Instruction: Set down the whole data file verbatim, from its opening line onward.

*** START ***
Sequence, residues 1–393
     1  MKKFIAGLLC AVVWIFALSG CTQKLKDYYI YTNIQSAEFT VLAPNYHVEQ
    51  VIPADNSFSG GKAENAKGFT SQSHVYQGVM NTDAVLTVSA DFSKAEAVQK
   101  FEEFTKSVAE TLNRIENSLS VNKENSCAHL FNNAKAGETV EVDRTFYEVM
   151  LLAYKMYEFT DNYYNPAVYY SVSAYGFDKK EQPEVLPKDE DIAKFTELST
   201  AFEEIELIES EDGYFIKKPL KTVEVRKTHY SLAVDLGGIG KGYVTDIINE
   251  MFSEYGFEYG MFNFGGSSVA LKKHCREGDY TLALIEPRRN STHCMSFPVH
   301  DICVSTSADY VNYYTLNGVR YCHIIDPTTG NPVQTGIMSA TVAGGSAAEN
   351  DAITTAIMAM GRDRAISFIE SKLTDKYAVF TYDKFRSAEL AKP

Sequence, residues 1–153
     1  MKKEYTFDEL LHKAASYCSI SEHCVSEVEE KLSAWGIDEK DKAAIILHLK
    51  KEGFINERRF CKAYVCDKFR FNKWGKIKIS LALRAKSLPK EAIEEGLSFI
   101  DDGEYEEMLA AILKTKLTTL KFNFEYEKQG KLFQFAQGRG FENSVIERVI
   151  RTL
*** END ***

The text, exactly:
Sequence, residues 1–393
     1  MKKFIAGLLC AVVWIFALSG CTQKLKDYYI YTNIQSAEFT VLAPNYHVEQ
    51  VIPADNSFSG GKAENAKGFT SQSHVYQGVM NTDAVLTVSA DFSKAEAVQK
   101  FEEFTKSVAE TLNRIENSLS VNKENSCAHL FNNAKAGETV EVDRTFYEVM
   151  LLAYKMYEFT DNYYNPAVYY SVSAYGFDKK EQPEVLPKDE DIAKFTELST
   201  AFEEIELIES EDGYFIKKPL KTVEVRKTHY SLAVDLGGIG KGYVTDIINE
   251  MFSEYGFEYG MFNFGGSSVA LKKHCREGDY TLALIEPRRN STHCMSFPVH
   301  DICVSTSADY VNYYTLNGVR YCHIIDPTTG NPVQTGIMSA TVAGGSAAEN
   351  DAITTAIMAM GRDRAISFIE SKLTDKYAVF TYDKFRSAEL AKP

Sequence, residues 1–153
     1  MKKEYTFDEL LHKAASYCSI SEHCVSEVEE KLSAWGIDEK DKAAIILHLK
    51  KEGFINERRF CKAYVCDKFR FNKWGKIKIS LALRAKSLPK EAIEEGLSFI
   101  DDGEYEEMLA AILKTKLTTL KFNFEYEKQG KLFQFAQGRG FENSVIERVI
   151  RTL